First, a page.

Giorgio Baglivi (1668-1707) contributed much to our understanding of muscle structure and function, as well as publishing classic descriptions of pulmonary edema and other disorders. Born Duro Armeno in the Republic of Ragusa (now Dubrovnik), he was probably of Armenian descent. His parents dying when he was young, he left for southern Italy, where adopted by Pietro Angelo Baglivi, a physician in Lecce, he took his surname and also followed his profession. After obtaining his medical degree he began medical practice with his foster father, then worked in hospitals in Padua, Venice, and Florence before finally settling in 1691 in Bologna as pupil and later assistant of Marcello Malpighi .
When Malpighi was called to Rome to serve as physician to Pope Innocent XII, he effectively became the Pope’s second physician. He was elected professor of anatomy and physician-in-chief of practical medicine at the Sapienza University , and rapidly joined the ranks of Rome’s elite physicians and medical scientists. In addition to his active practice, Baglivi continued his work in experimental physiology and microscopy,
studying the structure and function of various organs, especially the heart and lungs. He first differentiated smooth from striated muscle, and thought that the heart beats independently of vagal or other innervation. In 1696, Baglivi published an important book on medical practice, De praxi medica, which was translated into English eight years later. He left masterful descriptions of pulmonary edema, stating that if a patient wakes of a sudden shortness of breath and presently runs to the window in quest of the free air, “you may rest assured that he has a dropsy in his breast, especially if his hands or feet begin to swell…”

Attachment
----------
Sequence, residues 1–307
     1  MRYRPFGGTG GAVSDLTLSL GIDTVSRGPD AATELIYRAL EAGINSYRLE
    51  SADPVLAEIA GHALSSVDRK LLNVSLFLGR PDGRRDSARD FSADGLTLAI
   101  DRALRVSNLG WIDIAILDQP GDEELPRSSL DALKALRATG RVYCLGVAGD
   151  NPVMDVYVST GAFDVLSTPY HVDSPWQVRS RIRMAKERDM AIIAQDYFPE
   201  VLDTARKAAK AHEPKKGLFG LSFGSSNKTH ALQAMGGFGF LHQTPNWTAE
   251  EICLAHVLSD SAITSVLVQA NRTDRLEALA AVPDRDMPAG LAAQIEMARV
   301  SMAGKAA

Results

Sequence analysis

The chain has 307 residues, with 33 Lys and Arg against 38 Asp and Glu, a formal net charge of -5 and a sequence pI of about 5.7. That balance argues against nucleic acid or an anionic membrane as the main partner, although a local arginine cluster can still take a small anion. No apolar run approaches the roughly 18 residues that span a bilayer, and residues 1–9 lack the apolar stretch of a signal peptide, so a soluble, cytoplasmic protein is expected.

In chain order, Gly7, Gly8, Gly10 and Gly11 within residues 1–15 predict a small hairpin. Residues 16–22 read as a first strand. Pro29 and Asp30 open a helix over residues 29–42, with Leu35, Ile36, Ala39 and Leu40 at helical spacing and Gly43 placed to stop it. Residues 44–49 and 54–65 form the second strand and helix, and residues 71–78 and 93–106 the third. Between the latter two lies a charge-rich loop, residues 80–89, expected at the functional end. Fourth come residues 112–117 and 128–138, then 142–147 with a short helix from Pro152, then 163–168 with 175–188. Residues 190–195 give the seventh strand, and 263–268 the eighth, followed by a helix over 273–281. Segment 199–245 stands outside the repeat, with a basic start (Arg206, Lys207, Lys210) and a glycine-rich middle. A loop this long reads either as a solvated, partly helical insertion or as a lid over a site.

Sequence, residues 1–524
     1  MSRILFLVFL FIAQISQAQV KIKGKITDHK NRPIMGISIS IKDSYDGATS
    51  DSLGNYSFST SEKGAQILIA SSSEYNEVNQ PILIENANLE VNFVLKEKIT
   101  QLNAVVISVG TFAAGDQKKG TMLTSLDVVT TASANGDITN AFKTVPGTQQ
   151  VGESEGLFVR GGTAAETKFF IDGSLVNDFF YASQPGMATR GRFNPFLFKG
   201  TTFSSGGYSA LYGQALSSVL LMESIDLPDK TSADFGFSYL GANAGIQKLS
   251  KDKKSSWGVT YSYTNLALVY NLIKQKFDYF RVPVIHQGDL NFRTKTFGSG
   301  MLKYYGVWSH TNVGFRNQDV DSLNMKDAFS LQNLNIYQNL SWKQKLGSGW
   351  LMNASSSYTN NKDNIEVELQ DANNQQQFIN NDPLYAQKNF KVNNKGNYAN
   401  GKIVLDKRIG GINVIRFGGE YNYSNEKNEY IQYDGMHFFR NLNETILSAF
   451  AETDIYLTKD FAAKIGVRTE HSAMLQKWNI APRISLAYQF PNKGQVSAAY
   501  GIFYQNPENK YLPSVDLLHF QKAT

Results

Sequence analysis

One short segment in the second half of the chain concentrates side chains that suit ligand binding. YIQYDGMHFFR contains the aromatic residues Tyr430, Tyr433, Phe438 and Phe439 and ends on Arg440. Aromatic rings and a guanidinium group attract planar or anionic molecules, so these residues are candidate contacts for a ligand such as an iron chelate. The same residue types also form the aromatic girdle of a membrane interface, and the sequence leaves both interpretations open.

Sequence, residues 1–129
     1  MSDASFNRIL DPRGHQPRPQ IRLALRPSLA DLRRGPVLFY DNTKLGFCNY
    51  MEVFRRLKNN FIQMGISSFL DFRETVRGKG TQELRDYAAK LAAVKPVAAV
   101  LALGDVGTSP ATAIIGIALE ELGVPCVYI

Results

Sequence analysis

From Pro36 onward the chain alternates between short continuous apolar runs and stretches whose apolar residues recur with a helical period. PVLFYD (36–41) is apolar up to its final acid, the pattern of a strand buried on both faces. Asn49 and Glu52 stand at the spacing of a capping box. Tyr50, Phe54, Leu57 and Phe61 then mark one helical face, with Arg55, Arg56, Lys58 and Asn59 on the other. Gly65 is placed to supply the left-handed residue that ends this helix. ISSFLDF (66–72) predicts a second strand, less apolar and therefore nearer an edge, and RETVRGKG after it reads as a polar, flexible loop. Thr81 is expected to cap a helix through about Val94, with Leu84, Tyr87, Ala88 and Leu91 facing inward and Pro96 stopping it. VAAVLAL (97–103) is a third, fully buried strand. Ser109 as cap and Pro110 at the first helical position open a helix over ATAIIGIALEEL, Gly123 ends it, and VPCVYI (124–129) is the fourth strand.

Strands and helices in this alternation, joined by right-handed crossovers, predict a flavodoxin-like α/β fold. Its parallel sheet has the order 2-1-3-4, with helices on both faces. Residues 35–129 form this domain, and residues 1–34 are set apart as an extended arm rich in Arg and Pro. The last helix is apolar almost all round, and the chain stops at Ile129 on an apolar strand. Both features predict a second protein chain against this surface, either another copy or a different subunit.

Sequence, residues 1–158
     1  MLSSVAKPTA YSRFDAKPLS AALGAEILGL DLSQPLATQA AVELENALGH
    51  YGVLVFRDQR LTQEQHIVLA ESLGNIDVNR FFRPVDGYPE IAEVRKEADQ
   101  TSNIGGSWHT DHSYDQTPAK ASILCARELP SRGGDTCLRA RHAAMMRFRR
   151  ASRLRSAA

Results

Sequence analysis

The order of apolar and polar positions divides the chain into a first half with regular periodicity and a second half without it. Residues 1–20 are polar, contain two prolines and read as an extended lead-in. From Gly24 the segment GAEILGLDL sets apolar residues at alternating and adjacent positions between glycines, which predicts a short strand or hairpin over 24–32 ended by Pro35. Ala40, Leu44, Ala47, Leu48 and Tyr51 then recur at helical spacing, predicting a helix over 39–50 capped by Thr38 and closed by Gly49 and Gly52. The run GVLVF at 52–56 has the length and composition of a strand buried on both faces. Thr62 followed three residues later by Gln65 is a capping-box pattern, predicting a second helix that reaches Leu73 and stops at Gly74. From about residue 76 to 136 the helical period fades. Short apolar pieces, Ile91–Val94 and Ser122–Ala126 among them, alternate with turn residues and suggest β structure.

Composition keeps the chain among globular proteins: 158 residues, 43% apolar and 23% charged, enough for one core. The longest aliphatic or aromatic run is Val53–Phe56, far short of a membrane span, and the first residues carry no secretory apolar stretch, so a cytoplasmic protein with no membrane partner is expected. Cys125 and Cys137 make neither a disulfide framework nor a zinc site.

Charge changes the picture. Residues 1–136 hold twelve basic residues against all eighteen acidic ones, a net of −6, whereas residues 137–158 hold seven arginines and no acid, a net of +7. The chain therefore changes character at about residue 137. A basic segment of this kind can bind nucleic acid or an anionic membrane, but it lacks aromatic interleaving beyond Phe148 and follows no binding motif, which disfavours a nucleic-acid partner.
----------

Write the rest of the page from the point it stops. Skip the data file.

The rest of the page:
Baglivi also wrote about the structure of medical practice and the state of medical education, proposing specialization in medicine and advocating the creation of a college of physicians to improve the practice of medicine. Beyond medicine he also was interested in geology, mineralogy, oceanography, and zoology. While in Rome in 1694 he reported on the necropsy he performed on the body of his former chief Marcello Malpighi, and found that he had died from a cerebral hemorrhage, probably secondary to renal hypertension, his right kidney being normal but the left shrunken and its pelvis dilated.
George Dunea, MD, Editor-in-Chief